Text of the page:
“When you tie all that to our loyalty program, you get a really good multiplier effect,” said Sankaran. “People will spend a little more with us than with somebody else, because we’re adding the convenience factor to a great store and a great assortment. And the loyalty program creates a lot more stickiness to it.”
In the first quarter, Albertsons saw 27% growth in just for U enrollments to 22.5 million active members, who have an average weekly spend 3.8 times that of non-members. The retailer also has worked to expand membership, including in its Jewel-Osco and Mid-Atlantic divisions.
On the productivity front, Albertsons has modernized data and technology platforms through its cloud-based IT network and upgraded core applications. Automation in stores also has increased via the company’s Forecasting and Replenishment system (FaR) and VisionPro production planning tool, both of which employ artificial intelligence (AI) to better manage in-stocks and cut shrinkage. Over the next three years, Albertsons expects to achieve its goal of $1 billion in productivity improvements.
“I come from a background where productivity is something you thought about every day; you never stopped seeking more productivity,” Sankaran said. “It’s about finding better ways to do things, with technology, new practices, best practices, standard methodologies, etc. Productivity gives you the cushion to take that money and put it right back into the business for growth.”
The company, too, continues to marry the Albertsons and Safeway cultures — one more centrally focused, the other more entrepreneurial at the store level — under its “locally great, nationally strong” mantra.
“What we are doing is bringing the best of both together. We work at bringing great talent into the company and allowing people to be entrepreneurs. At the same time, we want people to ask themselves, ‘How do we leverage the scale of this company on behalf of that customer?’ So you have the ability to do both and be more responsible and agile.”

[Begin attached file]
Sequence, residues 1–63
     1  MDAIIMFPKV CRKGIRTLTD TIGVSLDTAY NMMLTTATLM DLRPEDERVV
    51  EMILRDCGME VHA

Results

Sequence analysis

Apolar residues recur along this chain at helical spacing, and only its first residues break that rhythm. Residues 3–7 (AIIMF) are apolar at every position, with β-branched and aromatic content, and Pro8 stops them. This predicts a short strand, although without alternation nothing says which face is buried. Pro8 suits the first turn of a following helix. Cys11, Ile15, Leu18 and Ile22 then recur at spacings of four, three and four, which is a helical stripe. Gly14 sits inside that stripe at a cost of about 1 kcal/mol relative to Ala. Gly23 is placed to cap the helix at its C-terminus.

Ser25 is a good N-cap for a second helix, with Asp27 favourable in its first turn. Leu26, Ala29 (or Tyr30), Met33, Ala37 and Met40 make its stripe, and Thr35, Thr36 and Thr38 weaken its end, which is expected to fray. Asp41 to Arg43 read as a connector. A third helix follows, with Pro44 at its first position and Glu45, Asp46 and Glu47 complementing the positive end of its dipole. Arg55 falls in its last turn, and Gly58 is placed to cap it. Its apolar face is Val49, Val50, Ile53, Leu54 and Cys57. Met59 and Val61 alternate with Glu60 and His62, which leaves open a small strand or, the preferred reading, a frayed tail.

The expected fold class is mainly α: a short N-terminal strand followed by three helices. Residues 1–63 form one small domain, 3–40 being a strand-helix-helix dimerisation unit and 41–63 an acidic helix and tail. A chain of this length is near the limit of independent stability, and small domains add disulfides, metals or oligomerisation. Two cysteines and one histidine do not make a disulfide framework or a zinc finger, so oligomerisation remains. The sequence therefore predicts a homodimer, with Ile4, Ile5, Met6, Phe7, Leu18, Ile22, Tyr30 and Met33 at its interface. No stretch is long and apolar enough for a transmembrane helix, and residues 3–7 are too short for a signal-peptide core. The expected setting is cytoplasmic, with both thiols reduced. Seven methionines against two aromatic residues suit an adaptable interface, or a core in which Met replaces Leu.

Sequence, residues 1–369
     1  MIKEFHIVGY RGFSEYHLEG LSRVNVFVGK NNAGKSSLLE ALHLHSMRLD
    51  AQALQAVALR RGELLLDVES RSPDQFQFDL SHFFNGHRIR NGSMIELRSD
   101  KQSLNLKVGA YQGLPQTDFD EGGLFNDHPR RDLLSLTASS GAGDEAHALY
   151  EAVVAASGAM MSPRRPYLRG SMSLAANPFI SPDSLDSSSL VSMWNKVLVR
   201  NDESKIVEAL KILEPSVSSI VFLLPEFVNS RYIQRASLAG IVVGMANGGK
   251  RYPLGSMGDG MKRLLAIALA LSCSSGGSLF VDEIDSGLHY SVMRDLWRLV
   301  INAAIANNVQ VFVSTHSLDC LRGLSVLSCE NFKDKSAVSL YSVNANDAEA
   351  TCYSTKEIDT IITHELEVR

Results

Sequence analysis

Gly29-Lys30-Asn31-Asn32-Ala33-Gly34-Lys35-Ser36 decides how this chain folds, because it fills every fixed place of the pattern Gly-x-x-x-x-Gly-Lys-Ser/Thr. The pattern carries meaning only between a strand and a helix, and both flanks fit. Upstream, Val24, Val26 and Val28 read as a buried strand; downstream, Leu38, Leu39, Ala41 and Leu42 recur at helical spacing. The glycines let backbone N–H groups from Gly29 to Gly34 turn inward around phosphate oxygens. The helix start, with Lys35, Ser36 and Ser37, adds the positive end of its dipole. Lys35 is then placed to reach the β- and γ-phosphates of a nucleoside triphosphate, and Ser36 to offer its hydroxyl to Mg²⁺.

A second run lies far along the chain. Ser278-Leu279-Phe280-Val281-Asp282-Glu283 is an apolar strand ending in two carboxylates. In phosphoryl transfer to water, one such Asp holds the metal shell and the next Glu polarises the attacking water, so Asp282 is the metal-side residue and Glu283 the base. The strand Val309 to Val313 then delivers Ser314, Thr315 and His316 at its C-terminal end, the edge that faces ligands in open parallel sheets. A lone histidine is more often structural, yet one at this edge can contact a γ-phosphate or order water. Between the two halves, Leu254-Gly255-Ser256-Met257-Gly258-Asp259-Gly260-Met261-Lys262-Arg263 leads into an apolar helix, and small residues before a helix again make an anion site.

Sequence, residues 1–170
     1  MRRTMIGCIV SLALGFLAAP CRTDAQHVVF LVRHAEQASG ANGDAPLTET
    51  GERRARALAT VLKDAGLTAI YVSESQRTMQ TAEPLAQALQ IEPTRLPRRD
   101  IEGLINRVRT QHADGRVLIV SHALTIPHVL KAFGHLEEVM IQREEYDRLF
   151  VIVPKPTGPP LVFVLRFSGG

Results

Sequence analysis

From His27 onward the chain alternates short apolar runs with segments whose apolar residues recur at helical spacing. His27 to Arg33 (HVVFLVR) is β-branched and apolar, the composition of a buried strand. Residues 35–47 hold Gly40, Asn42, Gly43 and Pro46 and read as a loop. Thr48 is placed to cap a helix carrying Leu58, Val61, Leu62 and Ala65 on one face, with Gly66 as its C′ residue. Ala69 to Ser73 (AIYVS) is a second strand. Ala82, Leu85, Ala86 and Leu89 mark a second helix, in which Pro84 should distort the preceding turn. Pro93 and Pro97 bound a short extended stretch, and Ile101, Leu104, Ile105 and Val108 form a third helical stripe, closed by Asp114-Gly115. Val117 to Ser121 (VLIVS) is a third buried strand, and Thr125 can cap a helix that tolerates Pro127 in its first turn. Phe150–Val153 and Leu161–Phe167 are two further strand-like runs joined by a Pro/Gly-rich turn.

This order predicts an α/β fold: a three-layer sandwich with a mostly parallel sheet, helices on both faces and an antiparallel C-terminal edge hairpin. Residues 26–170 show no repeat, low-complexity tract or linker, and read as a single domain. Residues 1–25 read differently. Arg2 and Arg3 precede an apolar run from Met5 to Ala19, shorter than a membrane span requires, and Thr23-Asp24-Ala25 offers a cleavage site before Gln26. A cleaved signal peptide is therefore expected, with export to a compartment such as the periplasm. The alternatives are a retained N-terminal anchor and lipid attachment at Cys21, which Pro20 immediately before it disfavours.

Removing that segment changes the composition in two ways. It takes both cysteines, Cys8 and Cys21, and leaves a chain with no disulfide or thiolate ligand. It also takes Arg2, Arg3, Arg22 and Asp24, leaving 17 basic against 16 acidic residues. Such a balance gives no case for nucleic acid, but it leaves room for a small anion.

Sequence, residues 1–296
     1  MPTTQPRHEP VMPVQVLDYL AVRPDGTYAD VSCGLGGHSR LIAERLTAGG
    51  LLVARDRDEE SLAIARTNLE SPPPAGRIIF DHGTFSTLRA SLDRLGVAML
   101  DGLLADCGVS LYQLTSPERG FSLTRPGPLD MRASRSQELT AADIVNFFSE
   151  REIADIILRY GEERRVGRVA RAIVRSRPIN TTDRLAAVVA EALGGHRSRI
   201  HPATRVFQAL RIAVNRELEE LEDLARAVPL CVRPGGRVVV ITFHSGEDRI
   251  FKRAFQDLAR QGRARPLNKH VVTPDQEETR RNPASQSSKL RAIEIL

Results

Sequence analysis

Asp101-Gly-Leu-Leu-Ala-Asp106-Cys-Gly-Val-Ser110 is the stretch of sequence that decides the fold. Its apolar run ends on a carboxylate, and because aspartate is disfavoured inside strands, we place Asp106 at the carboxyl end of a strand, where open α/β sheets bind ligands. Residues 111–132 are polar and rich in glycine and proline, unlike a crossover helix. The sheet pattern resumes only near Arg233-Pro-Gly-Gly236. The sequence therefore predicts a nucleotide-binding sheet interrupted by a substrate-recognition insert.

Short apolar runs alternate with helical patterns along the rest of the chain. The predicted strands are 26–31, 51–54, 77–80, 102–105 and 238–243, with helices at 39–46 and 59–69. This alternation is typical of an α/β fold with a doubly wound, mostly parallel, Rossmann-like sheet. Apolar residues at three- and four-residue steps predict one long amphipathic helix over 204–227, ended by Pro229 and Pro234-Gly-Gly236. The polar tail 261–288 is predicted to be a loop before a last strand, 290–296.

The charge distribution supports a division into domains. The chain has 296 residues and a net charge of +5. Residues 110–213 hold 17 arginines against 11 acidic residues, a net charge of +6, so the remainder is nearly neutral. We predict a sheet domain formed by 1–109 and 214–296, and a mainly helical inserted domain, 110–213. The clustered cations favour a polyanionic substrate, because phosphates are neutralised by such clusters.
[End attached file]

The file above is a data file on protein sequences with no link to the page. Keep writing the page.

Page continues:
For the 2019 fiscal year ended Feb. 29, Albertsons’ net sales rose 3.2% to $62.46 billion, with identical sales up 2.1% and digital sales surging 39%. The company followed up that growth with first-quarter 2020 gains of 21.4% in net sales, 26.5% in identical sales and 276% in digital sales, largely driven by the pandemic.
In the first quarter, Sankaran reported, Albertsons boosted its market share across its geographic footprint, including in areas where it’s not the market share leader.
“It was a combination of great execution and the portfolio at work — the fresh side, total variety,” he said. “I’m so proud of how quickly the team wrapped up all of our e-commerce capabilities and adjusted and re-engineered things so that we could give our customers omnichannel solutions when they needed it, either pickup or delivery to their homes. A combination of things that we’ve always believed in really came to fruition in a very difficult environment. We were fast, we were nimble. And we didn’t have to just depend on decisions from Boise. Because of our culture, people locally made it happen.”
Running Great Stores
Albertsons opened 14 new stores and remodeled 243 stores in fiscal 2019, and so far this fiscal year the company has upgraded 46 locations.